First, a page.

Murder poem

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This is me, Bins. Today I will talk about a book that SHE won’t read because she’s pretending it’s too depressing for her. “But it’s set in Japan,” I say. “You love all Japanese things.” “This isn’t the version of Japan that I like,” she says. “It’s modern and urban. Too much like the rest of the world. The beauty, the delicacy ... where’s all that gone?”

I tell her she’s wrong. The book’s name is Journey Under The Midnight Sun by Keigo Higashino. It’s not up-to-the-minute modern but set 30-40 years ago. “There are some very delicate murders in it,” I say. “Very Japanese murders. Even the way the story is told is different to ordinary murder mysteries. You should read it. You would like it. It starts with a police detective investigating a man who was stabbed to death in an abandoned building...”

She’s got her fingers in her ears. “Don’t tell me the story!” When someone asks me not do something, that’s when I do it! That is normal. “The man owned a pawn shop. His wife is a suspect and so is his employee. But they both have alibis...” The story is told like a movie; it creates clear pictures in the mind. It is also somehow quiet. Even though it’s a murder mystery, there’s almost no screaming. Very little visible blood. Even when people cry, it is with their faces turned to one side. I find it fascinating.

“Pooh,” she says. “You will find anything fascinating if it’s weird enough.” I nod. Of course that is true. But the book is not weird. It is like a beautiful, precise machine. First we meet the victim, along with the detective, then sloooowly, we are shown all the different people who came near the victim. We are told why they cannot be the ones who did the murder. Then we see other people. We wonder who they are. We struggle with their Japanese names. Then we understand the connection. Then we see the detective again, quietly smoking in the background... “You see? It is like a Kurosawa film. A beautiful girl with silky hair. The tea ceremony. A corpse.”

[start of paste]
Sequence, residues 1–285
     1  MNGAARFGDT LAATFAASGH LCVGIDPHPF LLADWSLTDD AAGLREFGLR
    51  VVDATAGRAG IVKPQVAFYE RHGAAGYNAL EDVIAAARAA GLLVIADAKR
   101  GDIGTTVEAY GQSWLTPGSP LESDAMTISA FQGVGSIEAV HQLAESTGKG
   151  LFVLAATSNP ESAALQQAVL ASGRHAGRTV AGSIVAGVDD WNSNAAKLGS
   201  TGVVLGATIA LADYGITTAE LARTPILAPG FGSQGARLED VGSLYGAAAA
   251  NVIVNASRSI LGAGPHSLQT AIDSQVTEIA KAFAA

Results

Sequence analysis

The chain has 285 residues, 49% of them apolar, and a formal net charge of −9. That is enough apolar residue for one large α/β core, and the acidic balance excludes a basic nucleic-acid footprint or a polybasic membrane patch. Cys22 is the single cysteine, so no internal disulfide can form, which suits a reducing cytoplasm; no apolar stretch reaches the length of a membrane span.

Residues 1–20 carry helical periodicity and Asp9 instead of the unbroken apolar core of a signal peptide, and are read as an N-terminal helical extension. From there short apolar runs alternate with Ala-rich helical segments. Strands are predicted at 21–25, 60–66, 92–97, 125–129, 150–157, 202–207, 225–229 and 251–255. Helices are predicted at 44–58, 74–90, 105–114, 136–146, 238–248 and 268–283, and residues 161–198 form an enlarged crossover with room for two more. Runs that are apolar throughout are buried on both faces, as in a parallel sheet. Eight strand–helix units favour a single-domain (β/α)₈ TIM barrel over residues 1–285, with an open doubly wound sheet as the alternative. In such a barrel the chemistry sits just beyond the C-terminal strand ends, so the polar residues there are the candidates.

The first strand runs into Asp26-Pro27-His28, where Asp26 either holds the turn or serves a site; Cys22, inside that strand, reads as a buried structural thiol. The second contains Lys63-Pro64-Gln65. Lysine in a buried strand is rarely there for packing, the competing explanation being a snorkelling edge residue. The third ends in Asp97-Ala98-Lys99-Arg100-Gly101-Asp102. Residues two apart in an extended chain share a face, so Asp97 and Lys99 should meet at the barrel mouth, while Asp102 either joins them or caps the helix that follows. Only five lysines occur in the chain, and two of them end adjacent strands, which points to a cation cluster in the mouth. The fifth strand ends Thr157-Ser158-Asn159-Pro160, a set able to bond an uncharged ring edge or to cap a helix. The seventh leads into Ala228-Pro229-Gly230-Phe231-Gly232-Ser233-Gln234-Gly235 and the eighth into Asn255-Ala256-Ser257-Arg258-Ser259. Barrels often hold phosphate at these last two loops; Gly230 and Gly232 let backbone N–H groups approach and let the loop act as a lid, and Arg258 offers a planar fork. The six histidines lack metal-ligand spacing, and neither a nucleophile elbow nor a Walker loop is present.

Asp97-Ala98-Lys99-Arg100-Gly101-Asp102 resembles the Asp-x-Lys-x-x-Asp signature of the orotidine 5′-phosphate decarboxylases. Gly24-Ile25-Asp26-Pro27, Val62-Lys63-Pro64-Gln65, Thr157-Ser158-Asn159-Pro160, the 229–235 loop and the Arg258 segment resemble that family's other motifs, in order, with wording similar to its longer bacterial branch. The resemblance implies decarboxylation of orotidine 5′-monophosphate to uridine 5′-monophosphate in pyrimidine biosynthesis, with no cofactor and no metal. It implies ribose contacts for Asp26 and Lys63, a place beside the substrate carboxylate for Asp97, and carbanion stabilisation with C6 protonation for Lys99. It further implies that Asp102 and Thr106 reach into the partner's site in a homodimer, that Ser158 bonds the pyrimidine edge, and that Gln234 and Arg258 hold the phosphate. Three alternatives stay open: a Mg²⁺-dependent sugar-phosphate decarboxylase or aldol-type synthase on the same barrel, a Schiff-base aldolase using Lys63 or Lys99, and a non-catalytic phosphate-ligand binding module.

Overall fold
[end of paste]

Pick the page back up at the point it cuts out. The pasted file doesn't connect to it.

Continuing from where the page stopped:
Now she has picked up the book. “It’s quite long,” she says, with an uncertain look on her face. “Yeah,” I say, “but I could not put it down.” “Yes, I noticed that,” she says. “Didn’t wash dishes for three days.” “I had to concentrate!” I exclaim, raising my hands. The story is told very carefully. The detective does not give up. I like very much the way the characters see beyond the surface of each other. They read between the lines of conversation. They look into the eyes of the murderer and they see thorns. The social background of each person is part of the plot.

“Okay, okay, I’ll read the darn book!” she screams. “Stop screaming,” I say. “Stop telling me the plot!” she says, “and I am NOT screaming!” “Not at all Japanese,” I tell her. “They’d scream too, if they met you. Anyway. I’ll read it,” she says, “under one condition.” I sigh. “All right,” I say. “I’ll do the dishes.”

Manjula Padmanabhan , author and artist, writes of her life in the fictional town of Elsewhere, US, in this weekly column

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Published on February 19, 2016

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